Nowhere, however, does she allege that the Defendants Appellees’ treatment of her is the result of intentional discrimination. Furthermore, Bowlby pleads no facts to establish that she and the black business owners to whom she broadly refers are similarly situated. For instance, there are no allegations regarding the types of businesses owned by black individuals, the size of their businesses, where they are located, or what laws and regulations they have violated. Bowlby therefore provides mere ‘labels and conclusions,’ and consequently has failed to state a plausible claim for relief.s2
Again, the Court found a lack of sufficient detail about matters that are familiar to case law about Rule 9(b)-“who” (‘the black business owners to whom she broadly refers’); “what” and “how” (‘what laws and regulations they have violated’); and “where” (‘where they are located’),33
This is in violation of your own Bar rules, and as the Burkes have discussed with several Bars. The simple response comes from Court of Appeals for the Eleventh Circuit Judge Barbara Lagoa’s own lips, while sitting as a Florida Supreme Court Justice. https://t.co/T9xHM1GLw9 pic.twitter.com/hOUNPHt4NQ
— LawsInTexas (@lawsintexasusa) October 2, 2020
(B) Twombly Satisfied
A counterpoint to those cases appears in the 2015 case of Richardson v. Axion Logistics, L.L.C.34 Richardson alleged that his employer terminated him in violation of Louisiana’s whistleblower statute, for revealing the employer’s improper billing pr actices.35 The district court dismissed, concluding as to a key element of the claim: “Richardson merely alleged that some of his co-workers engaged in unethical billing practices, only devoting one conclusory paragraph to stating that such illegal activity was authorized by [Axion].”36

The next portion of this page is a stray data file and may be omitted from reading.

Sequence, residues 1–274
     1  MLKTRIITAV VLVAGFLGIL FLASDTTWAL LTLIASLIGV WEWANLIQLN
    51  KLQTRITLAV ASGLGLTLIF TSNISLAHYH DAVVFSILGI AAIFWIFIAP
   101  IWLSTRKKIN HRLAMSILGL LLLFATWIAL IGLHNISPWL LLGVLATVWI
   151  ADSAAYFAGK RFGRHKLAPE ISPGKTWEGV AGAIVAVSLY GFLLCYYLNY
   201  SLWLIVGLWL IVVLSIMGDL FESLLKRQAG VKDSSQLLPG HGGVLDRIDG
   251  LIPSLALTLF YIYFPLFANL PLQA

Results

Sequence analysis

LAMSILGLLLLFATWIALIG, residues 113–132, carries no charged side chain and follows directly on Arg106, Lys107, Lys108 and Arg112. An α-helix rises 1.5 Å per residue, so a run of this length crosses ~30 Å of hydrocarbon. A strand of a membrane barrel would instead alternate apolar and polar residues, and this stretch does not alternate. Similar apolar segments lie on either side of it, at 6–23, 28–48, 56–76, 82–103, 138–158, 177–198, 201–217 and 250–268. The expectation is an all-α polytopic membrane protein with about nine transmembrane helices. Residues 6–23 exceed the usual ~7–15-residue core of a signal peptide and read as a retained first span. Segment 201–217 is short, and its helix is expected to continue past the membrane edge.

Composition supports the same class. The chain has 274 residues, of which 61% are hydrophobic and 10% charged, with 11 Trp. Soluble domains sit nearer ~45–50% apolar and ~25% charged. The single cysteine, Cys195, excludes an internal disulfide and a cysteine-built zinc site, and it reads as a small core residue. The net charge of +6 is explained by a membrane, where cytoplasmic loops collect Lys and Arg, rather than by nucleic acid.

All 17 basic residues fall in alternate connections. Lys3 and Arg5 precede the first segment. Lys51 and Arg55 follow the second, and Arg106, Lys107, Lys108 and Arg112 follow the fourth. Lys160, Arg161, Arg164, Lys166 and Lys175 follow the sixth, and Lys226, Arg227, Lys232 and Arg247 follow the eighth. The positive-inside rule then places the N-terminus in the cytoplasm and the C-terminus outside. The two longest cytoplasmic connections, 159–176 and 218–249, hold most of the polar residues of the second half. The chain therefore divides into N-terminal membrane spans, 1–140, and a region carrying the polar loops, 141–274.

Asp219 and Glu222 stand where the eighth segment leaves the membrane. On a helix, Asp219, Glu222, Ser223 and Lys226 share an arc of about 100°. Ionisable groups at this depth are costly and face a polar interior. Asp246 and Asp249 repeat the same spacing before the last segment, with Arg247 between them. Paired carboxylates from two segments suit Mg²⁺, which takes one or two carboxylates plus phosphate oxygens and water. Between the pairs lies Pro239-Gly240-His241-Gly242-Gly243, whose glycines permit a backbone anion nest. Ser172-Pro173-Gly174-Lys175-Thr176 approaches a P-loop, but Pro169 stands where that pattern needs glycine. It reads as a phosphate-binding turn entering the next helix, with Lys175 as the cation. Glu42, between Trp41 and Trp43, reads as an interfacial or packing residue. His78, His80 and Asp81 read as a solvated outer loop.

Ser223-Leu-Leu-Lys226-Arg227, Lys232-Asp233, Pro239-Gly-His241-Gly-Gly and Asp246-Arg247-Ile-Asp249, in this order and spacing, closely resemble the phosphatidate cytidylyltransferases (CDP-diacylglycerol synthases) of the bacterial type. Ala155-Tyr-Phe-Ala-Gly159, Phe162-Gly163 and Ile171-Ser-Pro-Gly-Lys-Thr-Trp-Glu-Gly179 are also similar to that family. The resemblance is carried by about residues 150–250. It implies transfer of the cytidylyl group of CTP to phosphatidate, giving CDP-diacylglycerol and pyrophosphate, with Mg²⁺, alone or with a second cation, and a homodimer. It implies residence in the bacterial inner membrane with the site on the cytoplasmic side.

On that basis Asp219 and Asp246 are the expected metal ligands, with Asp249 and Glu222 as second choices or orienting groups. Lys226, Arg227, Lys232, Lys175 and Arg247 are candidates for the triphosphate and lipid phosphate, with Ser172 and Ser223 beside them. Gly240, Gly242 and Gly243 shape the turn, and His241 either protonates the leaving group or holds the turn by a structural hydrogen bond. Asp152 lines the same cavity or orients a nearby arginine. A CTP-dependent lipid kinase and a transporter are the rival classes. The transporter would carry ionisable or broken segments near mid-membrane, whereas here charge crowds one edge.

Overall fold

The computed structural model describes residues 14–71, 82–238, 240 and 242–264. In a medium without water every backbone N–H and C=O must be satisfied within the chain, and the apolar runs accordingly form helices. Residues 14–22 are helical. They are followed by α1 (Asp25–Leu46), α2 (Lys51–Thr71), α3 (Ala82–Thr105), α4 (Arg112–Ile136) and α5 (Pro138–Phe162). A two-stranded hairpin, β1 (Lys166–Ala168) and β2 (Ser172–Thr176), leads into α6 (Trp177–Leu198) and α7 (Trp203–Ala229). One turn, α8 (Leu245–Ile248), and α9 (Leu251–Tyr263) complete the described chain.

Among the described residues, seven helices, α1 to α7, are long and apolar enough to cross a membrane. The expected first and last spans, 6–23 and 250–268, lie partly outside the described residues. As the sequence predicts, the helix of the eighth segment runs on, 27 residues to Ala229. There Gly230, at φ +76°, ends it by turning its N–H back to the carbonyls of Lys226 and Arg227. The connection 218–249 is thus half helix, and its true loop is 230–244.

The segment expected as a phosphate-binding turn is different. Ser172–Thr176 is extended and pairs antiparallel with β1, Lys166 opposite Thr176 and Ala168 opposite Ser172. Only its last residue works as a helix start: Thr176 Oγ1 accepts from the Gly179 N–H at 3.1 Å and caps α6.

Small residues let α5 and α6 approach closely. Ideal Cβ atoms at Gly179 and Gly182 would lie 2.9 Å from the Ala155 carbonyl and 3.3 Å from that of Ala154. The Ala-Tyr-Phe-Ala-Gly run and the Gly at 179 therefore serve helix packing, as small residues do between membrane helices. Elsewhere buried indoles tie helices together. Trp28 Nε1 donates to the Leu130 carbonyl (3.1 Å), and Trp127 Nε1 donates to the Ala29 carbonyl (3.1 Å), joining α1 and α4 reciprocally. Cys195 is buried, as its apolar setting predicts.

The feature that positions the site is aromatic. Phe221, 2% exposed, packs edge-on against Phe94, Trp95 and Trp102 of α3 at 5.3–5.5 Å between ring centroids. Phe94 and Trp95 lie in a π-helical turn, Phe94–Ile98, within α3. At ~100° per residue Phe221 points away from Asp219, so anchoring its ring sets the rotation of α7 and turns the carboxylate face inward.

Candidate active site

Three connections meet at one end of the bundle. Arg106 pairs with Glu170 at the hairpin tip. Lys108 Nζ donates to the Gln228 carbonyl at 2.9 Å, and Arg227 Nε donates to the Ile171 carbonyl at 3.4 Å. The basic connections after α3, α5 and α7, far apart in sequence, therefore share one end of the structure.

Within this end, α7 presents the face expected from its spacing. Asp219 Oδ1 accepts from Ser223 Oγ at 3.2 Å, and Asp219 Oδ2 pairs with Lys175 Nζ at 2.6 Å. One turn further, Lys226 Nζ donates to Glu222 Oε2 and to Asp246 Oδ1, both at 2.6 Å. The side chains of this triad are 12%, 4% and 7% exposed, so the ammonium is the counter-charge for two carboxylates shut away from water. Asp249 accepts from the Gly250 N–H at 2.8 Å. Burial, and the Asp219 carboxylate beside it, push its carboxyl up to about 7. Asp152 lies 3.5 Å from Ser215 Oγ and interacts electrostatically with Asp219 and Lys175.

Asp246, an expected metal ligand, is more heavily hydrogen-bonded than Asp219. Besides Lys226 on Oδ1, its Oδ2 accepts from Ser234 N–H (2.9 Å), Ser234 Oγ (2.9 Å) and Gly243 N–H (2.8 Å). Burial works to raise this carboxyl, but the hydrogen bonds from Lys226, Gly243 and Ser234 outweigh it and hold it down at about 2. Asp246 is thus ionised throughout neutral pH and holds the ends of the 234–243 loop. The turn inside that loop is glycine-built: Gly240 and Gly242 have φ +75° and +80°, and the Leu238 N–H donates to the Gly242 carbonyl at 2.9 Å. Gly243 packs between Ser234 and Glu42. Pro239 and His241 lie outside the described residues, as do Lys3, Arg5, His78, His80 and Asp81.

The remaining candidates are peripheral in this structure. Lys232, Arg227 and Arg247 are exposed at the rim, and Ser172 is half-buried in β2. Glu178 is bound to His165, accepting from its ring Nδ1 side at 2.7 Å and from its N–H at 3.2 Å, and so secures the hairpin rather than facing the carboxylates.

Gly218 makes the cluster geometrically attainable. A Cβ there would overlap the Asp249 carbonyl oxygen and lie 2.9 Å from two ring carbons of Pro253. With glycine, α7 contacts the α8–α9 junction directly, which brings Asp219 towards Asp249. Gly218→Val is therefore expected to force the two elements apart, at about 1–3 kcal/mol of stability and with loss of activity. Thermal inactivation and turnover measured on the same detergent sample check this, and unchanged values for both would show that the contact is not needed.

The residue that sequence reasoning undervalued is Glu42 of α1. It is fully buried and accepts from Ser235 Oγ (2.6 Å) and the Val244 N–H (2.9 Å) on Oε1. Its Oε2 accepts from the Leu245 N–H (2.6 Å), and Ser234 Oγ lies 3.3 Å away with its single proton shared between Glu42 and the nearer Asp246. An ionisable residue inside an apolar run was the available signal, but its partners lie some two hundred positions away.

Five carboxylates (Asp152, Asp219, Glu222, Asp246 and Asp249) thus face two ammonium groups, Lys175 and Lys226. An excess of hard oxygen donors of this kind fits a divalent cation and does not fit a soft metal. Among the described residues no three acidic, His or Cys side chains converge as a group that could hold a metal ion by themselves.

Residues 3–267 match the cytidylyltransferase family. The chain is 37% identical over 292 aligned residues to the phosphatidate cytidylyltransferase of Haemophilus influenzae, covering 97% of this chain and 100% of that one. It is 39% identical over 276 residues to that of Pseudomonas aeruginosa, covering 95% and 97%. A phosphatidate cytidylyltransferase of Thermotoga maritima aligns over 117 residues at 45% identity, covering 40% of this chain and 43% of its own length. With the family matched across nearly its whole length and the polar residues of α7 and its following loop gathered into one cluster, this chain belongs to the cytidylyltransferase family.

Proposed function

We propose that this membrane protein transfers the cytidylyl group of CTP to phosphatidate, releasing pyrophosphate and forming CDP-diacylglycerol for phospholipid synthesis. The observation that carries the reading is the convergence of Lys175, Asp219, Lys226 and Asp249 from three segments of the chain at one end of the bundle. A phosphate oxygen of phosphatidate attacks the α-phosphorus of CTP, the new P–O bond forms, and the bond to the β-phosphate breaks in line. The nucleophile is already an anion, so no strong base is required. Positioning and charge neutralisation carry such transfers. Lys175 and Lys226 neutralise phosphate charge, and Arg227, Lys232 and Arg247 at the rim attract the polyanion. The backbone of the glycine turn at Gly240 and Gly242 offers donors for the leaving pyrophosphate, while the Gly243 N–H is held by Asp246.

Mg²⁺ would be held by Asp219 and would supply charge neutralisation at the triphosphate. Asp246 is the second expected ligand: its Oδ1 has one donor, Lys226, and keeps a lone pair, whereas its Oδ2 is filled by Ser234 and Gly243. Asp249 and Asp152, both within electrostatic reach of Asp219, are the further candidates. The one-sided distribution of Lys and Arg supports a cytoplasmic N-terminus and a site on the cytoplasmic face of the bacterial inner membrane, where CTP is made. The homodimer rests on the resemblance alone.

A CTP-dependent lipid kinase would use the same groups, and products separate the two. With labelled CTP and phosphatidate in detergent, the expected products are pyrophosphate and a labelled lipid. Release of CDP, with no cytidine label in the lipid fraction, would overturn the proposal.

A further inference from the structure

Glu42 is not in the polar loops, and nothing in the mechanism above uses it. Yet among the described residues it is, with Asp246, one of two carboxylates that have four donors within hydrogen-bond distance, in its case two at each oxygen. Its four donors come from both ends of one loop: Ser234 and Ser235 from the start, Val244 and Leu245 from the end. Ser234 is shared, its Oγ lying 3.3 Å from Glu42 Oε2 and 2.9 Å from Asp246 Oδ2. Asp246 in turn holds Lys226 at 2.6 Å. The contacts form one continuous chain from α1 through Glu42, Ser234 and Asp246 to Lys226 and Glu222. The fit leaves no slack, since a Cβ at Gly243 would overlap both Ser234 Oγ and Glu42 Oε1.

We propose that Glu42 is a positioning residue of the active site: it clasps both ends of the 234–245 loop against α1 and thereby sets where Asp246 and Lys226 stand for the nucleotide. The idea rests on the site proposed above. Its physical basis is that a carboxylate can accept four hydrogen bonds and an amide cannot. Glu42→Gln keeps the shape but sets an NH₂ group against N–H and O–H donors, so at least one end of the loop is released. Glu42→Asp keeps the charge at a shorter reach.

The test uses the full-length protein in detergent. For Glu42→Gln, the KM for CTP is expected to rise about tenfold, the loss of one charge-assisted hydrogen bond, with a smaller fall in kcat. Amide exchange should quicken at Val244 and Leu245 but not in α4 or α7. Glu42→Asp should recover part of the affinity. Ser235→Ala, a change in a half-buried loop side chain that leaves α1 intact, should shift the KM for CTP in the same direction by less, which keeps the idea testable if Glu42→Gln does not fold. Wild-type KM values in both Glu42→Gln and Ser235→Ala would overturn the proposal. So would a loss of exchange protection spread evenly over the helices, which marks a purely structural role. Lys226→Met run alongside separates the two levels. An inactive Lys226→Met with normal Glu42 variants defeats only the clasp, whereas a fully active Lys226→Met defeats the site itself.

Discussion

The Fifth Circuit disagreed and reversed,37 taking a broader view of the relevant allegations:
While paragraph 5 of the complaint did include an undetailed allegation that Axion authorized the fraudulent billing practices, other portions of the complaint provided the facts necessary to support the allegation. Namely, paragraph 13 alleged that Axion’s president tried to fire one of the dishonest employees because of his fraud but the CEO refused to allow it, and paragraph 14 alleges that Axion’s president expressly admitted knowledge of the fraud. In addition, paragraph 16 alleges that Axion’s president, after the vice president of administration informed him of fraudulent billing, directed that the client be billed (and the dishonest employee be paid) for the extra time. Finally, paragraphs 18 and 18a allege that Richardson reported the fraudulent billing to the CEO and CFO, both of whom instructed him to keep quiet about the matter.SB
Under Twombly’s “plausibility” standard, the Court concluded that “[t]aken together, these facts make plausible the allegation” made by the plaintiff about his employer’s knowledge of the alleged misconduct. 39
A similar analysis appears in Wooten v. McDonald Transit Associates, Jnc.,40 in the context of reviewing the record in support of a default judgment in an employment dispute. After first finding the plaintiffs pleading inadequate, 41 the Fifth Circuit issued a new opinion holding that the pleading complied with the Rules, and summarizing it as follows: